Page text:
Getting Started 

If you are wondering how to automatically record Twitch streams, then you come to the right place. In a previous article, I mentioned how to record/watch streams with Livestreamer, but that required a lot of work. You had to be on your computer and had to type in commands each and every time a stream went online. That meant you had to know when a streamer was going live.

There’s a much simpler method. What if I told you, you didn’t have to type in any complicated commands. You don’t even have to be anywhere near your computer to record livestreams. In fact, you can record Twitch streams automatically, anytime it goes online, 24/7.

This can be done by using a script alongside a command line tool called Livestreamer.


If you wish to record a live stream other than your own, then please ask for permission before doing so. As of right now, Twitch does not block live copyrighted content (e.g. music), so recording live may result in inadvertently downloading illegal copyright content.


To get started, you need three dependencies. Please download and install the following.

  1. Python 3.4
  2. Livestreamer
  3. Twitch Recorder

To get a basic understanding of livestreamer, check out the official command line tutorial or my guide on how to record and download with livestreamer.

Opening Twitch Recorder 

  1. Copy Twitch Recorder Script
  2. Paste into New Text Document
  3. Save as Twitch

Modifying Twitch Recorder 

The script was designed to minimize user input, so you do not need to enter the Twitch username every time you run the script. So some minor changes need to be applied to the script.

There are four values that need to be changed and customized. The refresh, user, quality, and directory.

Refresh The refresh rate refers to the amount of times Twitch Recorder will check if a stream is live. The default value is 30 seconds. You can change the value in seconds. For example, if you want it to check every 5 minutes, then input 300 seconds.

User The username of the Twitch streamer you want to record. Input only the username and not the entire Twitch link.

Quality The default value is “best”. I recommend keeping it at the best available quality, but if you do not have a fast internet connection or have data caps, then lower the quality.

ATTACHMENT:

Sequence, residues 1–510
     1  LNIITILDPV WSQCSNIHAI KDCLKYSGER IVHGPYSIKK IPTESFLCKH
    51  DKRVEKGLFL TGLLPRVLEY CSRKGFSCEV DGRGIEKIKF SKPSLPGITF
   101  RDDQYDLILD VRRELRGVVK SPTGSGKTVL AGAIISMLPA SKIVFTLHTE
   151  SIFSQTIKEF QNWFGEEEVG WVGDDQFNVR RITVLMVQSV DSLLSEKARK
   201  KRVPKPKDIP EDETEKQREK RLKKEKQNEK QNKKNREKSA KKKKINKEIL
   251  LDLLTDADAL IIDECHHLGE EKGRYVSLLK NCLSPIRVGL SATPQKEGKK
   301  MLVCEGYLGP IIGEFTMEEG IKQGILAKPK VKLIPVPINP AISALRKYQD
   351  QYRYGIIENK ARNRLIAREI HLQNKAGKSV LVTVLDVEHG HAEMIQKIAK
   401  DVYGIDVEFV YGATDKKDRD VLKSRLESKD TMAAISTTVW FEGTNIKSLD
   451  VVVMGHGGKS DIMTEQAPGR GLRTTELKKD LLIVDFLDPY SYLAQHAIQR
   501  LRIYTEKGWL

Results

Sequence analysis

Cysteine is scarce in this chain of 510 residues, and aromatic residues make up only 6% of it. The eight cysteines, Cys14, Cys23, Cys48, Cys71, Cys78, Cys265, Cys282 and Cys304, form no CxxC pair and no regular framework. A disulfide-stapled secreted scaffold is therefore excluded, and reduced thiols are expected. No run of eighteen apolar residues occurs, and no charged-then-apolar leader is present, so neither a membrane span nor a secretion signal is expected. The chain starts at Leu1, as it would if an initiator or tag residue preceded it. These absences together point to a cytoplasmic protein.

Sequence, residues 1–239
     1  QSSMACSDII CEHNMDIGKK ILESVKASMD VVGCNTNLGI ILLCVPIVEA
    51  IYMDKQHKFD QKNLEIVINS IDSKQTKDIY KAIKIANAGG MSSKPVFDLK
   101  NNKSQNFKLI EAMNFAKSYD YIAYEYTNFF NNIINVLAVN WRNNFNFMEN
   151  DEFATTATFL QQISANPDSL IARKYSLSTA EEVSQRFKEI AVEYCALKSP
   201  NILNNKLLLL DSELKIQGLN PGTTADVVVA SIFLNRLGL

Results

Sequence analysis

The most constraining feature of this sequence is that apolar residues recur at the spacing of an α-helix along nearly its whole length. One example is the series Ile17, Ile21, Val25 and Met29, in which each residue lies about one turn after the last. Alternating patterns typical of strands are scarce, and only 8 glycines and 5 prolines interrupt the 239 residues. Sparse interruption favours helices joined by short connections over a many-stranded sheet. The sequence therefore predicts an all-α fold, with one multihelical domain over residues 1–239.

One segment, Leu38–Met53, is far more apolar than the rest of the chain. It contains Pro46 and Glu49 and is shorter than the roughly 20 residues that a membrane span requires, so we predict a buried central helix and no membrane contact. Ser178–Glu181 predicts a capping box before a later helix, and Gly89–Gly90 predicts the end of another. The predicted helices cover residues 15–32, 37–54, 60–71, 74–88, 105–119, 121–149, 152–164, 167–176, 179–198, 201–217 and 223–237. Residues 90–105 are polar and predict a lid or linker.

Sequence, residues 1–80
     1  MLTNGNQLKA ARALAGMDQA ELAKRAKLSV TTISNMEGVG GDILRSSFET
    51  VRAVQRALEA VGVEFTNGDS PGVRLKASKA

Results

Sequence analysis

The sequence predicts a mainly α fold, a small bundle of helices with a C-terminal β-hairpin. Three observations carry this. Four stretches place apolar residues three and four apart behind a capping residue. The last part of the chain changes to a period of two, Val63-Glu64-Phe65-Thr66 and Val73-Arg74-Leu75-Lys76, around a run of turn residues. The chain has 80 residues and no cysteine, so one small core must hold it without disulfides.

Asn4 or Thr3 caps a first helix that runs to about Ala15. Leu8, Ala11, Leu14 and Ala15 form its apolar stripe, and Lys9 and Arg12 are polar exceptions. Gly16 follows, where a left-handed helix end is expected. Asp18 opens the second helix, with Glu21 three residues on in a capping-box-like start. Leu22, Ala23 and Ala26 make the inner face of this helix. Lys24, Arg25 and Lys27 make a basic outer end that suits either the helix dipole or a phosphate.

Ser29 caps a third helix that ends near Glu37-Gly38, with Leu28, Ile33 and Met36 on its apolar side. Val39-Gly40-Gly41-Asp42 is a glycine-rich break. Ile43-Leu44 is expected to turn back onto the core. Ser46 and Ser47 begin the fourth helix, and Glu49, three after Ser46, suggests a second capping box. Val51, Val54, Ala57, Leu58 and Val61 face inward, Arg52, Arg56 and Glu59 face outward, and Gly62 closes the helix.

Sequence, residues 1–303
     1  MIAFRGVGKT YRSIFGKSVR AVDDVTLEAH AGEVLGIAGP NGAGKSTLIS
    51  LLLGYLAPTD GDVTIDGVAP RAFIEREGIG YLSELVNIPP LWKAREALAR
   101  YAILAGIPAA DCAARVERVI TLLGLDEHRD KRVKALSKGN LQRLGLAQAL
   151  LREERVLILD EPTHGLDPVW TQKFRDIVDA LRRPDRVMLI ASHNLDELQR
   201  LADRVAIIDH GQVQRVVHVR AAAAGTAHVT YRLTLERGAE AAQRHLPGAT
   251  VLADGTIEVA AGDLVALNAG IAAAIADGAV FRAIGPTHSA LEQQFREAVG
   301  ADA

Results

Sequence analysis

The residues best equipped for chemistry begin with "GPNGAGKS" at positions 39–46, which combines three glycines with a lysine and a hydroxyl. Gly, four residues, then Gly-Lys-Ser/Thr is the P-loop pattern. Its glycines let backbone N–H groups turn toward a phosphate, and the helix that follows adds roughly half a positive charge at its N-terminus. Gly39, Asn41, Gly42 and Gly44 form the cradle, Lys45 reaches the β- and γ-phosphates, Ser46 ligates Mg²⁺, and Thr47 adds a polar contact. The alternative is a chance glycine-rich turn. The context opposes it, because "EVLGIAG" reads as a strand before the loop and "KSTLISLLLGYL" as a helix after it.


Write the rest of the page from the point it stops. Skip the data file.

There are five quality options: Best, High, Medium, Low, Mobile

Input the quality you want inside the quotations.

Directory The default directory is C: drive. Change the directory to the address you desire, but remember to place the address inside the quotations and end with double backlashes (\\).

Twitch Recorder

Running Twitch Recorder 

There are two ways to run this script. One way is to run it with python’s default IDE. Another is to run through python.exe.

Running with IDLE 

I recommend running Twitch Recorder with IDLE. If you run into any errors, it will show you error codes. While python.exe will simply close if it encounters any errors.

Open with IDLE. Click Run -> Run Module

Running with Python.exe 

You may need to set python.exe to open by default. Once it is set to open by default all you have to do is double click Twitch Recorder to start recording.

To set to open by default:

Right Click Twitch Recorder -> Open With -> Choose Default Program

Browse for Python.exe. It should be in your Python34 folder located in C: drive.

Helpful Advice 

Do not make the refresh rate lower than 15 seconds. Twitch has a rate limit and will ban you from accessing their servers if you spam them.

Ideally you want to keep it around 30 to 60 seconds. From my experience, Twitch does not update the stream status frequently enough to warrant a lower refresh rate than 30 seconds.

Checking Frequently

By checking anywhere from 30 seconds to 5 minutes, you make sure you don’t miss a single moment of a stream.

However, if a streamer only streams a couple times per month then checking frequently is a waste of resources.

Checking Occasionally

Checking occasionally, anywhere from 5 minutes to once a day. This is for checking streamers who only stream every once in a while.

It uses less resources, but will miss a lot of game play depending on the length of the refresh interval.

I will definitely recommend checking frequently rather than occasionally, even if a streamer doesn’t stream regularly. The script uses less resources than watching Twitch with Adobe Flash and that’s with the script actively recording.

Internet Speed

Typically you need at least 300Kb/sec download speed but that depends on the quality you select and the server you connect to.

If you have an internet data cap, it is not recommended you use this script to download streams.

Hard Drive Capacity

Before running the script, make sure you have enough hard drive space to support all the downloaded streams. Generally streamers will stream for at least a couple hours a day, with some streaming as much as 12 hours per day.

That means videos of up to 15 GB per day, everyday. If left unchecked, videos will begin to build up. Especially if you are monitoring daily streamers.

Articles That May Interest You:
How to Watch/Record Twitch Streams using Livestreamer
Four Awesome Ways to Download VODs from Twitch

If you run into any problems or need help troubleshooting then please leave a comment below.